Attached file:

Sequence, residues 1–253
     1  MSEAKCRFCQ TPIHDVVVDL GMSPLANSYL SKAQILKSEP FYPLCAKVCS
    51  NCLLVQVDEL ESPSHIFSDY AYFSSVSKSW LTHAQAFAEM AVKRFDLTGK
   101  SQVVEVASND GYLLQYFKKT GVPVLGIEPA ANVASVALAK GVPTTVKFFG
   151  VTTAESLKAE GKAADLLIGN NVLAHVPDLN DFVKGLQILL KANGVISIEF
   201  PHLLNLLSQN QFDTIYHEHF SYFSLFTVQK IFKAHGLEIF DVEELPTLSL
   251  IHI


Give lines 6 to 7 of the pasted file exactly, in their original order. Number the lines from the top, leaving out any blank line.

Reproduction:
   201  PHLLNLLSQN QFDTIYHEHF SYFSLFTVQK IFKAHGLEIF DVEELPTLSL
   251  IHI